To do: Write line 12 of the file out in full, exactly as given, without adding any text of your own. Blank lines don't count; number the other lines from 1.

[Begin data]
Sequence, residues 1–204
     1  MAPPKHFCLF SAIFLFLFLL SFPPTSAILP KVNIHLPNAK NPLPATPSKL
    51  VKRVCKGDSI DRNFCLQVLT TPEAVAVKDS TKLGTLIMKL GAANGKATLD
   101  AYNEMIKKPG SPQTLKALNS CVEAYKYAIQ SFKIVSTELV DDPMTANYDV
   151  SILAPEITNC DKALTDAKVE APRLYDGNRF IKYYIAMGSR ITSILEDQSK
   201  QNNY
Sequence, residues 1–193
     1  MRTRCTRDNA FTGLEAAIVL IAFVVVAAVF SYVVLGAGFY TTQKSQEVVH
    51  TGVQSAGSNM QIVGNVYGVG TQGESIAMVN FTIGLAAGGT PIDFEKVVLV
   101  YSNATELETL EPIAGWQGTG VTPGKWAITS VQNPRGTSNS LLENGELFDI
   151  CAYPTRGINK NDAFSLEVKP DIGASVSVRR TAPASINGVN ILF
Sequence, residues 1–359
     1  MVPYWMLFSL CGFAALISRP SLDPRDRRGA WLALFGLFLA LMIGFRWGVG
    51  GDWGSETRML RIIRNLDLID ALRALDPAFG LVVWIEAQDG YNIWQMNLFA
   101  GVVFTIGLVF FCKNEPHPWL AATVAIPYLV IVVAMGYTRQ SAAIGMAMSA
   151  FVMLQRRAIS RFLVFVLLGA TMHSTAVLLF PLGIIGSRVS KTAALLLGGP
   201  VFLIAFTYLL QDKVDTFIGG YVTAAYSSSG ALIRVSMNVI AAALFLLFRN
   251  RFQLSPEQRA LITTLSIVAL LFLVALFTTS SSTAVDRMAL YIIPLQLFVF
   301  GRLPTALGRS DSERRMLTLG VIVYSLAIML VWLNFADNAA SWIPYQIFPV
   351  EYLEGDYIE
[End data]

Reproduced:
Sequence, residues 1–359